President Donald Trump said he plans to revoke the ban, or, er, grant some licences to American companies supplying components and services to Chinese telecoms giant Huawei.
Speaking after meeting the Chinese president, Xi Jinping, Trump said: "American companies that make product, that's very complex by the way, highly scientific... I've agreed to allow them to continue to sell that product."
Beyond that Trumpian word salad, it is not clear precisely what has happened. White House economic adviser Larry Kudlow told Fox News that Huawei would remain on the entity list - where it was placed in May and which means that US firms must apply for special permission to sell to it - but US companies could sell it chips and services which could be found on "general markets".
The Semiconductor Industry Association (SIA) released the following statement:
The progress made today by President Trump and President Xi in Osaka is good news for the semiconductor industry, the overall tech sector, and the world's two largest economies. We are encouraged the talks are restarting and additional tariffs are on hold and we look forward to getting more detail on the president's remarks on Huawei.
The relaxing of rules around granting American businesses licences to trade with the Chinese firm is unlikely to go unopposed. Several US senators including Florida man Marco Rubio have said they will try to bring forward legislation to reinstate a total ban.
Based on what Kudlow told the press, Huawei will remain on the US Entity List, where it was placed on the grounds of "national security" in May. Although later in May tech firms were given an almost immediate US reprieve on Huawei sanctions through a 90-day temporary general licence that elapses in August, many had already been making tweaks to their supply chains and froze relations with the Chinese firm in anticipation, among them Micron, WD and Intel.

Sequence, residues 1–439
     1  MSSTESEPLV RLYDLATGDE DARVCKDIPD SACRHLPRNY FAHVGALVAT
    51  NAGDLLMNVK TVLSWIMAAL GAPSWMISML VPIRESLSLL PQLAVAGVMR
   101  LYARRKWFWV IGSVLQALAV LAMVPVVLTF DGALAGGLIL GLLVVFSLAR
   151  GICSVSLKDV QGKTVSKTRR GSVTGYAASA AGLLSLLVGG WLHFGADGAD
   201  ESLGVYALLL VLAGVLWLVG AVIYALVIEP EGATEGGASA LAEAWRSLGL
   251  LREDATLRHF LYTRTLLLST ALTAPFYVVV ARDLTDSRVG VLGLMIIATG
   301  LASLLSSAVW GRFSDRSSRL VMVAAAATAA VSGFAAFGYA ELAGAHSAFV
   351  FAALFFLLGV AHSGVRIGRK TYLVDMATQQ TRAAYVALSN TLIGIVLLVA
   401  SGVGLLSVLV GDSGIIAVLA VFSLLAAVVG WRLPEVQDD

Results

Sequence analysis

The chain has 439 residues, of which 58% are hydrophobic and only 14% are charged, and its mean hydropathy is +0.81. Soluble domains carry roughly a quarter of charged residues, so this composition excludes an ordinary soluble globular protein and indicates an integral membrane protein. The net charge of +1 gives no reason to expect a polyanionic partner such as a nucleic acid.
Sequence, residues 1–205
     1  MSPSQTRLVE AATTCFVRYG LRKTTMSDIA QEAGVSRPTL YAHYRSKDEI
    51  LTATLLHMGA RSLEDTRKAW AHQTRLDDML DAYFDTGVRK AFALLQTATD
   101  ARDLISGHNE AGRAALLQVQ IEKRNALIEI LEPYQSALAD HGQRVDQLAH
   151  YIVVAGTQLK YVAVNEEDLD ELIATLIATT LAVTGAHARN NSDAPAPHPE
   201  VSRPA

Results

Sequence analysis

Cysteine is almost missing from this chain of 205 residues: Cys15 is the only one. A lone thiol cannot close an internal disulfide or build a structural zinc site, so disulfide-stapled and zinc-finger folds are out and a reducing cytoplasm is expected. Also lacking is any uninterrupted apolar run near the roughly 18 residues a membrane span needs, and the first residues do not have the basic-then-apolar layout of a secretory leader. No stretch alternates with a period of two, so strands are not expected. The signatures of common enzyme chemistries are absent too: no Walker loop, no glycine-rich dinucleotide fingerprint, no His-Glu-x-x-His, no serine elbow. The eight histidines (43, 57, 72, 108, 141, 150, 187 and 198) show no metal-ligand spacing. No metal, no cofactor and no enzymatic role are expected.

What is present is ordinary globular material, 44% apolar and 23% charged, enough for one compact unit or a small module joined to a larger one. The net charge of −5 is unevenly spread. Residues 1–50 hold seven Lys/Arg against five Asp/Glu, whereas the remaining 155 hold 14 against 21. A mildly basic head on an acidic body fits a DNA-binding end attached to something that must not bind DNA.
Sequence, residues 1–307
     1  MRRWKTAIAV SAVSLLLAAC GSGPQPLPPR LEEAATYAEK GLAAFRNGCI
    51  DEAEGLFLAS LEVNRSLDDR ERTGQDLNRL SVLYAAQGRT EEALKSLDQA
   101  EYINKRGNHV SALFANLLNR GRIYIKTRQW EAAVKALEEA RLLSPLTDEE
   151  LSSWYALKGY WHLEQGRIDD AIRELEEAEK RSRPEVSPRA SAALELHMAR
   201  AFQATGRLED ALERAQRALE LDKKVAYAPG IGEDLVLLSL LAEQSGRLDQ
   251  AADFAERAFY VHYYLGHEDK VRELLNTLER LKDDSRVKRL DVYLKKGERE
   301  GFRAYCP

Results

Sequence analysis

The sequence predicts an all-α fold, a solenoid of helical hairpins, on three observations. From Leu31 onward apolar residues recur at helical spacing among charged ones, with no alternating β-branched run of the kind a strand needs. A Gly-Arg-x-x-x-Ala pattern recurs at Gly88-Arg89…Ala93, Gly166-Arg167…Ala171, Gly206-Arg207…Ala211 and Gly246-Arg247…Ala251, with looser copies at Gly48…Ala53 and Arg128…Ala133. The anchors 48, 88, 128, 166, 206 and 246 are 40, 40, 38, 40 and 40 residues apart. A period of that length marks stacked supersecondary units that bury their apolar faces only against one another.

Republican Rubio said the U-turn was a catastrophic mistake, adding: "It will destroy the credibility of [Trump's] administration's warnings about the threat posed by the company, no one will ever again take them seriously."
Without even playing lip service to the security angle, Democrat Charles Schumer said Huawei was "one of the few potent levers we have to make China play fair on trade".
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The effective ban on selling software, hardware and services to Huawei sent shockwaves through the chip industry around the world as well as hitting Google, which was to be prevented from offering certain services like access to its app store. Huawei founder Ren Zhengfei said last month the ban would knock $30bn from revenues over the next two years as the company worked to replace its reliance on US suppliers.
Ren's daughter, Meng Wanzhou, remains under arrest in Canada awaiting extradition to the US and Trump said her position was not discussed with the Chinese government. ®